Half of All Workers Are Making a Serious Investment Mistake, Study Shows
If you want to be successful as an investor, there's one key thing that you need to do: Diversify. Unfortunately, a surprising number of Americans haven't fulfilled this basic goal yet.
In fact, according to a survey from Principal, just 50% of all Americans indicate they've diversified their investments since the Great Recession or in preparation for market volatility.
That surprising number shows about half of all investors are taking on a huge and unnecessary risk that could be very costly -- especially during the 2020 recession and any market downturns that go along with it.
Image source: Getty Images.
Why is diversification so important?
Diversification is the process of buying a mix of different kinds of investments, so you aren't betting all you've got on a particular one performing well.
Diversification provides a few key advantages when you invest:
- It helps you reduce risk: If you invest most or all of your money in one company, or even one asset class, the success of your wealth-building efforts hinges on that one investment performing well. You're taking a huge chance that nothing will go wrong with it. But if you buy a mix of different kinds of assets, the chances of them all doing poorly are much smaller.
- It enables you to put some money in riskier investments: Investments that carry a higher risk also typically come with higher potential returns. If you aren't ever willing to take any risk, you won't have the chance to earn those returns. When you diversify, you can put some money in safer investments that are all but guaranteed to produce a positive ROI, so you can afford to also put some into less certain investments that offer the chance of a bigger payoff.
If you aren't taking advantage of the benefits diversification provides, chances are good you're taking on too much risk, limiting your potential returns, or both.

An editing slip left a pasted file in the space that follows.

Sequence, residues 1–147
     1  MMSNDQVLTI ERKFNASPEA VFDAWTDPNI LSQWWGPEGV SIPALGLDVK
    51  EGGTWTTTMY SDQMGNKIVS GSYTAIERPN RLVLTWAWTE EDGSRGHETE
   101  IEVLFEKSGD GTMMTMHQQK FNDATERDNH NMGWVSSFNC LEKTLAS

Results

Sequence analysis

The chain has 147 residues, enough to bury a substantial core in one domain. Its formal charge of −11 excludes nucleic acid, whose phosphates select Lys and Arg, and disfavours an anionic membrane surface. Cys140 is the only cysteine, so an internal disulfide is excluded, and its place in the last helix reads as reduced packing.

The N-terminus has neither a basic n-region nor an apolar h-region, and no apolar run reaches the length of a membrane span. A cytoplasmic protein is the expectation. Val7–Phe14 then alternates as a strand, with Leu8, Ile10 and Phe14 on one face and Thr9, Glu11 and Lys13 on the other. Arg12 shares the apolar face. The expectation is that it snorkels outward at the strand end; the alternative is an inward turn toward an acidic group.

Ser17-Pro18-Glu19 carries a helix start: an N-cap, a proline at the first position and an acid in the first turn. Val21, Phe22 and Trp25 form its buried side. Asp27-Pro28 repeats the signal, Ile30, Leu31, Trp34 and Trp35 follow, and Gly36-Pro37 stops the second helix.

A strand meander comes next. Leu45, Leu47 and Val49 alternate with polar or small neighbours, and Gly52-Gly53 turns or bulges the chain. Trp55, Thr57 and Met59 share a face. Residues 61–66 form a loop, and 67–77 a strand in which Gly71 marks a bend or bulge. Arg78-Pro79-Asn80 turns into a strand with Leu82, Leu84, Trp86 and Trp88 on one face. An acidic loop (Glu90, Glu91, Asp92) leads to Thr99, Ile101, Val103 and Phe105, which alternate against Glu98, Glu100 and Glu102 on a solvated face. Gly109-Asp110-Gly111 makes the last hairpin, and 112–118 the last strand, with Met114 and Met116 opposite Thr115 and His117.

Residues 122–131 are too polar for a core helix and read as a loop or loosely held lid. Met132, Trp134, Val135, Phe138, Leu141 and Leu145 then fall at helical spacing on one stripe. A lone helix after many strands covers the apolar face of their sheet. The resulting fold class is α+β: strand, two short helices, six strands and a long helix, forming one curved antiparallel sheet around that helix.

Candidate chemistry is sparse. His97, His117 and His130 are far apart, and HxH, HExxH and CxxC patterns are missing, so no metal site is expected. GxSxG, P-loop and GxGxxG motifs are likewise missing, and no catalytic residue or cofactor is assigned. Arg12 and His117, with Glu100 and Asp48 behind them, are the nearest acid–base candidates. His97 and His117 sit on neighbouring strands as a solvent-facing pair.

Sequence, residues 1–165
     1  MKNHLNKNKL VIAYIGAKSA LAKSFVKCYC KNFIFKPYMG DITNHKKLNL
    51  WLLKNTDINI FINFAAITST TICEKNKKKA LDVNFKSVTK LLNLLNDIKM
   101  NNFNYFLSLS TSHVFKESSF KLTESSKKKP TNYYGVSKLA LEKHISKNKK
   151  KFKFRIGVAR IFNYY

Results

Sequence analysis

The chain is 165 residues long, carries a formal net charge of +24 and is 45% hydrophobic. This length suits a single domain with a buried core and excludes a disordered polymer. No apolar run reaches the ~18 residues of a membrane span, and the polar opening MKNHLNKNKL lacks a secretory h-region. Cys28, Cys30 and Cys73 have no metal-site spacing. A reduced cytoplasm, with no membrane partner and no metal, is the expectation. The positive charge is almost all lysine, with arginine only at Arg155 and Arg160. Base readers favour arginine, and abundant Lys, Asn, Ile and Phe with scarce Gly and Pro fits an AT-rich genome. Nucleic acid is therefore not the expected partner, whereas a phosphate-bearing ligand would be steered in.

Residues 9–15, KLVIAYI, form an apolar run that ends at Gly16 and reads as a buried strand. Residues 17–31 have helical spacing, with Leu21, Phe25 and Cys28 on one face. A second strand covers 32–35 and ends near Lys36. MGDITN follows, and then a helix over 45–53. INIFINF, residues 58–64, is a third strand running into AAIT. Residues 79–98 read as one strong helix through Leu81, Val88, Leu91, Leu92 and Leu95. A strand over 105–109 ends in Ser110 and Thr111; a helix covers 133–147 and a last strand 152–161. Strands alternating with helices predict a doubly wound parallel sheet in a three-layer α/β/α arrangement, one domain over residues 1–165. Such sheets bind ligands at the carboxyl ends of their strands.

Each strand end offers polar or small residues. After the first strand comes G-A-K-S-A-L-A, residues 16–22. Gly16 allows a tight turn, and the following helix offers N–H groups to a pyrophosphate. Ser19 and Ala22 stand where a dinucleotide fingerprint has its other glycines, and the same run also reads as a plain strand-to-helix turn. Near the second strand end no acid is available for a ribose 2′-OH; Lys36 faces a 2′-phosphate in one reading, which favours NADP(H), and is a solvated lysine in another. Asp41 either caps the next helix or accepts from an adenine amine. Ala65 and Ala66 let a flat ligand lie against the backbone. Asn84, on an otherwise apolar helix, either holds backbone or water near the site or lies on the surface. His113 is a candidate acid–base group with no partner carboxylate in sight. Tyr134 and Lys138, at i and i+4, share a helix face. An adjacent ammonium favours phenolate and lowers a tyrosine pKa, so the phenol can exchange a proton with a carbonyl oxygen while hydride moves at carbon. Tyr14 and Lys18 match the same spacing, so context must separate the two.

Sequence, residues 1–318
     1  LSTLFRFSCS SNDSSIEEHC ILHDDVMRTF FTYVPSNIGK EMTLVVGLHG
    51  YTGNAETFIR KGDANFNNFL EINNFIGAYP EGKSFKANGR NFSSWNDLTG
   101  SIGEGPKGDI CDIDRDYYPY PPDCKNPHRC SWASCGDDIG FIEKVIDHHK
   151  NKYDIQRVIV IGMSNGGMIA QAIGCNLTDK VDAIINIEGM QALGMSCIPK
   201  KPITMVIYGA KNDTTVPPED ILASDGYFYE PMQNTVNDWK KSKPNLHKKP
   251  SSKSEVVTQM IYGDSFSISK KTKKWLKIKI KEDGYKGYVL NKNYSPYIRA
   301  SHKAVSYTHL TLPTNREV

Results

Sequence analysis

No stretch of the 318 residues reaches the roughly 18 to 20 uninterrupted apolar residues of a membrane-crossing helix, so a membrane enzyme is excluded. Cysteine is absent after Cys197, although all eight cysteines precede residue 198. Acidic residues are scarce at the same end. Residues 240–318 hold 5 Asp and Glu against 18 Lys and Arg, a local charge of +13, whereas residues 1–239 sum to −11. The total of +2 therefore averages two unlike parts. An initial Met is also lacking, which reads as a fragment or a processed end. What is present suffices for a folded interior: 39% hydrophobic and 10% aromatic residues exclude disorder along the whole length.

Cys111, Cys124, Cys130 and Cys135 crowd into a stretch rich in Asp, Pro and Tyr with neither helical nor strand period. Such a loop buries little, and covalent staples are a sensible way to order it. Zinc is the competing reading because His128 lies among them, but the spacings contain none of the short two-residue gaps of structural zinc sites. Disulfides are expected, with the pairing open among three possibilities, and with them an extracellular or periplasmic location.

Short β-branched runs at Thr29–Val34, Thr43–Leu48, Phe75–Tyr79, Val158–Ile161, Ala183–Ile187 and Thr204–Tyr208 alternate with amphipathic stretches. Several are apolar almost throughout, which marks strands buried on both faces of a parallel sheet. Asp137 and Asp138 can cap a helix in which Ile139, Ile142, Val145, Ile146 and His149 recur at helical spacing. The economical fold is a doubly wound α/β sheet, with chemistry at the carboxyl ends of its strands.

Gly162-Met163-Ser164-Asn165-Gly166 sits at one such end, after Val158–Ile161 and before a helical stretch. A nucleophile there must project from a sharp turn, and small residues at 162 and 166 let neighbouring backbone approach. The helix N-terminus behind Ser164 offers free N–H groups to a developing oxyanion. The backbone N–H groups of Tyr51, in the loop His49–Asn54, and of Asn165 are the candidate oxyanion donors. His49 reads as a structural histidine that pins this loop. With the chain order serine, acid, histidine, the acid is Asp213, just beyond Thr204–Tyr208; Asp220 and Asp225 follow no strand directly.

How to diversify your portfolio
Diversification can be easy.
First, you want to invest some money in different asset classes, including equities, bonds, real estate, commodities, and cash. That way, if the stock market tanks or the real estate bubble bursts, you'll have exposure to other kinds of investments that might do better.
For your equity investments, you'll also want to buy different kinds of stocks rather than sticking with purchasing shares of all one company or even one kind of company. For example, you might want to buy some stocks in large U.S. companies, some stocks in small ones, and some stocks in companies in emerging markets. You may also want to buy some tech stocks, some energy stocks, some consumer goods stocks, and so on.
You can build a diversified portfolio quickly and easily by buying a few index funds (there are some model portfolios to help you). Or you can select individual stocks with a mind toward what's already in your portfolio and make sure you don't end up with too much of your money too heavily concentrated in any one type of business.
Reduce your investment risk ASAP
Diversifying your portfolio doesn't have to be difficult, but it has to be done. If you want to significantly reduce the risk you face as an investor, start working today on investing in a mix of different assets so you can build a well-balanced portfolio that's likely to perform well in any market conditions.
10 stocks we like better than Walmart
When investing geniuses David and Tom Gardner have an investing tip, it can pay to listen. After all, the newsletter they have run for over a decade, Motley Fool Stock Advisor, has tripled the market.*
David and Tom just revealed what they believe are the ten best stocks for investors to buy right now... and Walmart wasn't one of them! That's right -- they think these 10 stocks are even better buys.
Stock Advisor returns as of 2/1/20
The Motley Fool has a disclosure policy.
The views and opinions expressed herein are the views and opinions of the author and do not necessarily reflect those of Nasdaq, Inc.